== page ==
Coming again in 2021 – stay tuned for details!

In the summer of 2017, 113 households in FoTTSA’s member associations elected to have their well water tested for nitrates. This was the third such program managed by FoTTSA. The first two (in 2010 and 2011) were inspired by the concern Greg Athron of the Ontario Ministry of the Environment expressed at FoTTSA’s 2010 Annual General Meeting about the possibility of nitrates leaching into groundwater and then into wells from farm and lawn fertilizers, manure, sewage, or septage spread on farmers’ fields. He pointed out that high nitrate concentrations in drinking water interfere with the blood’s ability to transport oxygen and can be especially detrimental to infants, pregnant women, nursing mothers, and seniors.

Ten beach associations participated in each of the first two nitrate programs (13 in all). This year 13 took part – Addison, Bluewater Georgina Wendake, Carusoe Bay, Cawaja, Cedar Point, Cleopatra, Edmor-Georgian Heights, Farlain Lake, Kingswood Acres, Nottawaga, Rowntree, Wahnekewening, and Woodland. (Many of our remaining member associations are on township run water systems, which are tested every three months for nitrates.)

For its part, FoTTSA supplied information about

  • nitrate contamination (with the assistance of the Severn Sound Environmental Association and the Simcoe Muskoka District Health Unit)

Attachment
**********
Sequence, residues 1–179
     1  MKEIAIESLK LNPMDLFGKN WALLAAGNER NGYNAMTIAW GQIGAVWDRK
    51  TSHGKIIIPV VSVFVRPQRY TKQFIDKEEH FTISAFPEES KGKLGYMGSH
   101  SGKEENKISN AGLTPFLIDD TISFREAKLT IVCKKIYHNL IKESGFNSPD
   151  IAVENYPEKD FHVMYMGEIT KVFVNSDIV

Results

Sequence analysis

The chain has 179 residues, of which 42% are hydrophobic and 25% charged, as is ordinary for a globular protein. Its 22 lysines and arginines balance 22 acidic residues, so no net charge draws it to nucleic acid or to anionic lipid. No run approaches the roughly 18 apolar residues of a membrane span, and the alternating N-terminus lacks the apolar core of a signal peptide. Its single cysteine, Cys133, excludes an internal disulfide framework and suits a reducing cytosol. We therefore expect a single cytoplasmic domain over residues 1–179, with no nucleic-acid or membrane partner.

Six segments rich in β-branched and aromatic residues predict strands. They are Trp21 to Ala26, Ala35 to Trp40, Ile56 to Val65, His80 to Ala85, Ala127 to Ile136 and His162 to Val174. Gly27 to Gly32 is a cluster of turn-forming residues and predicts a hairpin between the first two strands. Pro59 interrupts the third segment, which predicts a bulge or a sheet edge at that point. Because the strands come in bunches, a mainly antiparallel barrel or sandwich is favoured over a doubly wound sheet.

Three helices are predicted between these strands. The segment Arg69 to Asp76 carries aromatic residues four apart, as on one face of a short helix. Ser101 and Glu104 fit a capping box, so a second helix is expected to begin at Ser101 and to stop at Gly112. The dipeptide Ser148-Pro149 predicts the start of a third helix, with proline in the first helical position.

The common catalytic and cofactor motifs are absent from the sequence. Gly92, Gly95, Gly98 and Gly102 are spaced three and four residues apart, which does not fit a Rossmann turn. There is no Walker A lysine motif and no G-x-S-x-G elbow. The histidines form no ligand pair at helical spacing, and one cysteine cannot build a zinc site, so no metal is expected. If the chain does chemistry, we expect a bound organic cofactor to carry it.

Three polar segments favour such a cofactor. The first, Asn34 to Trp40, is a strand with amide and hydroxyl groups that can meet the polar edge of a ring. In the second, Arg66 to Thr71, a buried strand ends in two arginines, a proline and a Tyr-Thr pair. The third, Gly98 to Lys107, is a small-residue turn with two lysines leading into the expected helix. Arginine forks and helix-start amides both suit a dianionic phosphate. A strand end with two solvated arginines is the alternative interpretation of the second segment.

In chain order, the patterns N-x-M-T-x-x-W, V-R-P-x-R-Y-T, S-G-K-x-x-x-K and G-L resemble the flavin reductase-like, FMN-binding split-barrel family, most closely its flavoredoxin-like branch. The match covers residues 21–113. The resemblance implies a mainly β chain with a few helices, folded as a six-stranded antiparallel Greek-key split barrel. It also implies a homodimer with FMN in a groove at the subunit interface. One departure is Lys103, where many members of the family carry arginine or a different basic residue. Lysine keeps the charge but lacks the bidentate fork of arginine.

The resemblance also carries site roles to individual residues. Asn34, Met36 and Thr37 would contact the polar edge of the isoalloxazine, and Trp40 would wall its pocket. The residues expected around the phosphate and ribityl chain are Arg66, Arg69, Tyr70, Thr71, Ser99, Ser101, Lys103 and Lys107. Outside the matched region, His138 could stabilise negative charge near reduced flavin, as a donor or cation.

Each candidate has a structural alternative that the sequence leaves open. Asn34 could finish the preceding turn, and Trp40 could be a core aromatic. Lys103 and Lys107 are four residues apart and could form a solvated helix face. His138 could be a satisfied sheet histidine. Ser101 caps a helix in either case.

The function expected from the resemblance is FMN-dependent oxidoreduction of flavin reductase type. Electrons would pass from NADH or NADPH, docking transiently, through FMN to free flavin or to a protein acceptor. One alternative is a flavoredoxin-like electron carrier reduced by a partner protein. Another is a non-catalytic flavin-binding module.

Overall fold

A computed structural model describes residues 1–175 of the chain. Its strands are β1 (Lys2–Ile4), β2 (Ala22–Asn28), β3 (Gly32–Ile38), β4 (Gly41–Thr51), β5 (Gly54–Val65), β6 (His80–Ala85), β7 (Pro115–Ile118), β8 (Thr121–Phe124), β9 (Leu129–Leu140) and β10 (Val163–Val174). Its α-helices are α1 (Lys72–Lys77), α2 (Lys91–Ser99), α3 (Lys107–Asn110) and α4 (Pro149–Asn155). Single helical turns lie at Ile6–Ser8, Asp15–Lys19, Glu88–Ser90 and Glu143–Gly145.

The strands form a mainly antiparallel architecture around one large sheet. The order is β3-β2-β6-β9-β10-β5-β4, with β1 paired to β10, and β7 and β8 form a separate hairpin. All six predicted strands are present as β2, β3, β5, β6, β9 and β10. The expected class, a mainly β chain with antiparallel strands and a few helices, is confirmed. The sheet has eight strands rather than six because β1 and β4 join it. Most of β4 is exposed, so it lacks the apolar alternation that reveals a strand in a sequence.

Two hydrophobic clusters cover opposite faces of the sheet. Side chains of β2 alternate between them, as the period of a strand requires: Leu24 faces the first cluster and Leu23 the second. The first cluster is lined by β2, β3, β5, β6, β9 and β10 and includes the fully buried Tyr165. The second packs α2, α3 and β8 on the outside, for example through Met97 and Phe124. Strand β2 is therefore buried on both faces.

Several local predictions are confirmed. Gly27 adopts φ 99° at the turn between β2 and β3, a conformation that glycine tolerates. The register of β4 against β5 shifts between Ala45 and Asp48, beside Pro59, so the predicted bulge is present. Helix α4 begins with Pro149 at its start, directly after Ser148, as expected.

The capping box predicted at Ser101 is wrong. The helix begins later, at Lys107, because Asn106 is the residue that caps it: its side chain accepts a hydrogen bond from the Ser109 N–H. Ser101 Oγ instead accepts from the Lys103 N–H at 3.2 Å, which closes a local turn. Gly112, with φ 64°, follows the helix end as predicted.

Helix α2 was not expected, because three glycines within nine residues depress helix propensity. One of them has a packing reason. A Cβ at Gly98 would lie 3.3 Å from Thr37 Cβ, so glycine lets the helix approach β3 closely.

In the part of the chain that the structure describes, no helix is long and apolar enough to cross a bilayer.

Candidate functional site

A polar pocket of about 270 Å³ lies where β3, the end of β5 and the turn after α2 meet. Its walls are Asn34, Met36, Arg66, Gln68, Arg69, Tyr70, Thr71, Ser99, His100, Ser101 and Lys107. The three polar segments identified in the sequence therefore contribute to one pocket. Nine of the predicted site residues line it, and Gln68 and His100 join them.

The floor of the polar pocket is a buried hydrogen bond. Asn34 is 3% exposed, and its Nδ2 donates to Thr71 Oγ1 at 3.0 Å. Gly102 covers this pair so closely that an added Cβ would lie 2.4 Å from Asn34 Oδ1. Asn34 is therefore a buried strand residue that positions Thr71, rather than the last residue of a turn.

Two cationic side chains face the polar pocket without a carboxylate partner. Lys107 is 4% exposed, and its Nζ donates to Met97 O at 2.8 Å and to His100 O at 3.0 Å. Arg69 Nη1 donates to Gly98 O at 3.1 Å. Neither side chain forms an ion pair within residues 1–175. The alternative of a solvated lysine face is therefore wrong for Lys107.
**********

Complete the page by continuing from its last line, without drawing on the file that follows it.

• the cost of analysis
  • the time samples were to be taken

FoTTSA also created an appropriate form and instruction sheets, picked up the required bottles from the lab, distributed them along with forms and instructions to participating associations, and in due course collected the samples from each participating association, transported them to the lab, received the results, and e-mailed them to each participating household.

Of the 113 samples collected in 2017, none exceeded the limit of 10 mg/L set in the Ontario Drinking Water guidelines. Better still, the majority of samples (78) tested at 0.05 mg/L meaning that no nitrates or nitrites (which turn into nitrates) were detected.

The lowest amount the lab’s analysis method can detect is 0.05 mg/L. Of the 35 samples with nitrates, only one sample had a nitrate count of three mg/L (just 3.01), three samples were in the two mg/L range, and three others registered in the one mg/L range. The remaining 27 measured below one mg/L. Only two households had a nitrite count, and both were under the guideline limit of one mg/L.

Some time ago, regular testing of the township-run water system at Georgian Sands in the 15th Concession caught a gradually increasing nitrate content. The township used the years since discovery of the intensification to look for unaffected sources of water and hold public information meetings about the problem. Eventually the decision was taken to combine this system with another that had acceptable water and thus reduce the nitrates to a lower level. This example suggests that households whose wells have any nitrate content would be advised to have their well water tested every couple of years to see whether the nitrate level is rising and how quickly. If the levels increase, those households should ask the Simcoe Muskoka District Health Unit for advice.

Background Information on Wells & Septic Systems

The Clean Water Act of 2006

Bored Wells

Well Aware – Information for private well owners

Rural Septic System Checklist


Septic Do’s & Don’ts

Waterloo biofilter system